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Negotiating the Crossroads: Civic Engagement in the 21st Century
David D. Chrislip

Traditionally, all societies have used enduring stories as guideposts for dealing with social and political issues within their own cultures. Our contemporary, multi-cultural society often brings these stories into conflict. We Americans find ourselves at a crossroad or, more accurately, at a series of crossroads where many stories collide. How do we negotiate these crossroads? How do we create new, more inclusive and constructive stories? How do we find common ground in a world of constant flux, full of contradictory yet convincing stories? How do we move from conflict to what we have in common and from confrontation to dialogue? How can we create new stories that will help guide us toward solutions to social and political problems in American civic life? Without re-imagining the relationship of us and them and the adversarial stories about how civic change occurs, common ground will remain elusive.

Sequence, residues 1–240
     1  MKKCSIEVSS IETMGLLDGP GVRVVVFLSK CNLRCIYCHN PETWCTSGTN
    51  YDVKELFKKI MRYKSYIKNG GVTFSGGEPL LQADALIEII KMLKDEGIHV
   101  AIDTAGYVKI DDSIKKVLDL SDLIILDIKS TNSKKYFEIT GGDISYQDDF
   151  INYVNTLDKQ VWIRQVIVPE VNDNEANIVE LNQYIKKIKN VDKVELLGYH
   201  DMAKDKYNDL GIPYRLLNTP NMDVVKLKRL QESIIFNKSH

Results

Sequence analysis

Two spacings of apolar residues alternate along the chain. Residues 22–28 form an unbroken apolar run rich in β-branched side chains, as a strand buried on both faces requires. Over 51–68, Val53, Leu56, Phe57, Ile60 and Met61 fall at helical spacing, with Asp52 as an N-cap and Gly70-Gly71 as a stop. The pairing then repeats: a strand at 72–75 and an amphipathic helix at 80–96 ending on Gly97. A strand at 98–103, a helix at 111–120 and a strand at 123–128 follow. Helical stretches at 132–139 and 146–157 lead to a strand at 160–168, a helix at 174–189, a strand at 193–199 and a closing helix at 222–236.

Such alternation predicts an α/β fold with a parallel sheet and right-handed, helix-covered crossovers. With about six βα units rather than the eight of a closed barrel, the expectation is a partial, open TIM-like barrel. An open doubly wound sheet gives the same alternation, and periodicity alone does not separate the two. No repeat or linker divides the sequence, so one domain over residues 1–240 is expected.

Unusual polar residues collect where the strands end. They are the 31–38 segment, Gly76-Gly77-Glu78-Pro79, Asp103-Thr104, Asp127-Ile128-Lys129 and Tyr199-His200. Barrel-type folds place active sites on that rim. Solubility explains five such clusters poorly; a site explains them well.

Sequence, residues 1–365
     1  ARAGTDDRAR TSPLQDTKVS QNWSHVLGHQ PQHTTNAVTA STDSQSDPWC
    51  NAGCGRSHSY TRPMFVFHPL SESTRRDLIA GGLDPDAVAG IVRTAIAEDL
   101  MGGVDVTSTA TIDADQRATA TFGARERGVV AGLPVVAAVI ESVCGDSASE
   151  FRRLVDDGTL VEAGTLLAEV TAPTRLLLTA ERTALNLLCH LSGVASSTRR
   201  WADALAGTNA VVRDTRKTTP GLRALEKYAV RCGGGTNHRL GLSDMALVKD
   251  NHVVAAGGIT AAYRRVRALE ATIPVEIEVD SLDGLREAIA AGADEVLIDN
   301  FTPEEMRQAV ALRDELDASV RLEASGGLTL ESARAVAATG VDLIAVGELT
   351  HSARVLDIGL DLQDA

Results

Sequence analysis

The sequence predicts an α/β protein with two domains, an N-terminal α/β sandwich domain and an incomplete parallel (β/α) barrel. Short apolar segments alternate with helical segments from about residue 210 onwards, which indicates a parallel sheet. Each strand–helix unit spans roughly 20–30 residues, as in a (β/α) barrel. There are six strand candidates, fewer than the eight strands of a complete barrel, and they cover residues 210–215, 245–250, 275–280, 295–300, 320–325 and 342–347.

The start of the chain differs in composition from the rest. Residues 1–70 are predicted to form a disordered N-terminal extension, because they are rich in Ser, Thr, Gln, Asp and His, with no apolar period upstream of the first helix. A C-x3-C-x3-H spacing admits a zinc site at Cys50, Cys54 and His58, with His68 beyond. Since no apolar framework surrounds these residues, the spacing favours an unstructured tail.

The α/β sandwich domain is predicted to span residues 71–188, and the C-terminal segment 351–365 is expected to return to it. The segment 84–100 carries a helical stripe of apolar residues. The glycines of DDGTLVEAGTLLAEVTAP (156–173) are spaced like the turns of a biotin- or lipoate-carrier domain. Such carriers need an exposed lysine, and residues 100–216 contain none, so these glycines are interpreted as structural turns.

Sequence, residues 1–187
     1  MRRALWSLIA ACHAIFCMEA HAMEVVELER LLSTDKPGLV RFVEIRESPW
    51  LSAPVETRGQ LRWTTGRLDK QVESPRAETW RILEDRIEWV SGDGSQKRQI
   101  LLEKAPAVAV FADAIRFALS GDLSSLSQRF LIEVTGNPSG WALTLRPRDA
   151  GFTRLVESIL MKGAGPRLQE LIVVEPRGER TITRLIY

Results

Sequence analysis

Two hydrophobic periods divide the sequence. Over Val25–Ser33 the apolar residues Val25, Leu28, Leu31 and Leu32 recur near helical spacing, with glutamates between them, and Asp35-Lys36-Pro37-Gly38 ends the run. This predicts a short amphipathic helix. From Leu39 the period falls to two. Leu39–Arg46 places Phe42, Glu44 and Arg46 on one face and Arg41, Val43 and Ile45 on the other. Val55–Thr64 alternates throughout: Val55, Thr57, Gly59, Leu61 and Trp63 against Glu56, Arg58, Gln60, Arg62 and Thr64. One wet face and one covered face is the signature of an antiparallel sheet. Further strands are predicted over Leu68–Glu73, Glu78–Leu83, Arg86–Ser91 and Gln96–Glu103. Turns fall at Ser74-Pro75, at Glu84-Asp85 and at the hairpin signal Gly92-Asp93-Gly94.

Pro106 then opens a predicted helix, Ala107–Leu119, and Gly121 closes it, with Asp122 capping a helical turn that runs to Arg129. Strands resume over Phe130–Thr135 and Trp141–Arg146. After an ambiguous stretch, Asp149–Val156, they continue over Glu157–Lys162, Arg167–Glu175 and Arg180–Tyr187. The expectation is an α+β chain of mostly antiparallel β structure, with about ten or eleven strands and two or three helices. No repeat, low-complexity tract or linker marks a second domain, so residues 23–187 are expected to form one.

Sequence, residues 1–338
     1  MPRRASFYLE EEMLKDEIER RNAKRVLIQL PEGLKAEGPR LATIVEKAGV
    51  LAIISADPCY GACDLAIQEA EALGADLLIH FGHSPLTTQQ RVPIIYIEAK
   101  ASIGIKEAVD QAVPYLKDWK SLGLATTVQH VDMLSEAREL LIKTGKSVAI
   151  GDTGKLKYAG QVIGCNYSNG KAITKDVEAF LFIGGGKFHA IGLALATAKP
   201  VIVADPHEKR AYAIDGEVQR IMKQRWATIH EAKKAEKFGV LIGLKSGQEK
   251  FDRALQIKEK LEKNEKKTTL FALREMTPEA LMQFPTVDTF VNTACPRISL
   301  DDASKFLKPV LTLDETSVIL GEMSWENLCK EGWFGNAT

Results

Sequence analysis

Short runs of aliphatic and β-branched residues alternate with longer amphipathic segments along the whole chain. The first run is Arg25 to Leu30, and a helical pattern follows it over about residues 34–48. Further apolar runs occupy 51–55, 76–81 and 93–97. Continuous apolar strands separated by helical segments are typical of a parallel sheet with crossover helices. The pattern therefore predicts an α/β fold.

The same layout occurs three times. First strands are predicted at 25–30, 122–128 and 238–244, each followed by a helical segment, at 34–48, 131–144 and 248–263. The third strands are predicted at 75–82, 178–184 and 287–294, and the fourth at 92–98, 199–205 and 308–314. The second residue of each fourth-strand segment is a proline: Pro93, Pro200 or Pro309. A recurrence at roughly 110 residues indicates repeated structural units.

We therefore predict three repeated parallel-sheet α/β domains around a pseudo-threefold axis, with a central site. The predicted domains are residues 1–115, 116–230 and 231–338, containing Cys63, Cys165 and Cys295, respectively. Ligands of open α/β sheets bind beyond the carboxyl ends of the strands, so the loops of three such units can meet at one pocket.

Despite the confrontational nature of much of American politics, in some places citizens and local governments negotiate their way through competing interests and obligations in ways that offer hope. They create inclusive and constructive public processes that complement and work in parallel with the formal institutions of governance to reduce the divisiveness of adversarial politics to reach common ground. Citizens work together; that is, they collaborate by including both us and them in the engagement. They take the time to learn about alternative approaches to public problems and learn new roles for supporting them. Rather than using resistance and confrontation, they create forums where contending points of view can be legitimized and understood and use dialogue to facilitate the emergence of a broader consensus. These engagements build a stronger, more inclusive sense of shared identity that respects distinctive cultural and individual identities. Since each place faces different challenges and has its own political dynamics, no one model or process fits every community or region. General principles of collaboration shape each of these processes yet allow the flexibility to meet particular needs.